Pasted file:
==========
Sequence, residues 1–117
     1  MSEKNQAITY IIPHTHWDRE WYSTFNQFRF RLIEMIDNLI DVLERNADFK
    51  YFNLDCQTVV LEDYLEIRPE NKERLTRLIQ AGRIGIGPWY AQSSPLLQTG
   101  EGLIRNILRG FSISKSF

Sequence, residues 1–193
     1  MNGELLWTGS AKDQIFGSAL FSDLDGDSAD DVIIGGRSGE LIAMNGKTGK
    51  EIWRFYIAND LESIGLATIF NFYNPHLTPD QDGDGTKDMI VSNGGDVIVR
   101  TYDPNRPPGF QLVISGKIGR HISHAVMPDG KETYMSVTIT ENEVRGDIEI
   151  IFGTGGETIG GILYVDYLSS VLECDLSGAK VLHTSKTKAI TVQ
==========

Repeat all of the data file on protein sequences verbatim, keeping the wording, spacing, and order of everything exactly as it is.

Sequence, residues 1–117
     1  MSEKNQAITY IIPHTHWDRE WYSTFNQFRF RLIEMIDNLI DVLERNADFK
    51  YFNLDCQTVV LEDYLEIRPE NKERLTRLIQ AGRIGIGPWY AQSSPLLQTG
   101  EGLIRNILRG FSISKSF

Sequence, residues 1–193
     1  MNGELLWTGS AKDQIFGSAL FSDLDGDSAD DVIIGGRSGE LIAMNGKTGK
    51  EIWRFYIAND LESIGLATIF NFYNPHLTPD QDGDGTKDMI VSNGGDVIVR
   101  TYDPNRPPGF QLVISGKIGR HISHAVMPDG KETYMSVTIT ENEVRGDIEI
   151  IFGTGGETIG GILYVDYLSS VLECDLSGAK VLHTSKTKAI TVQ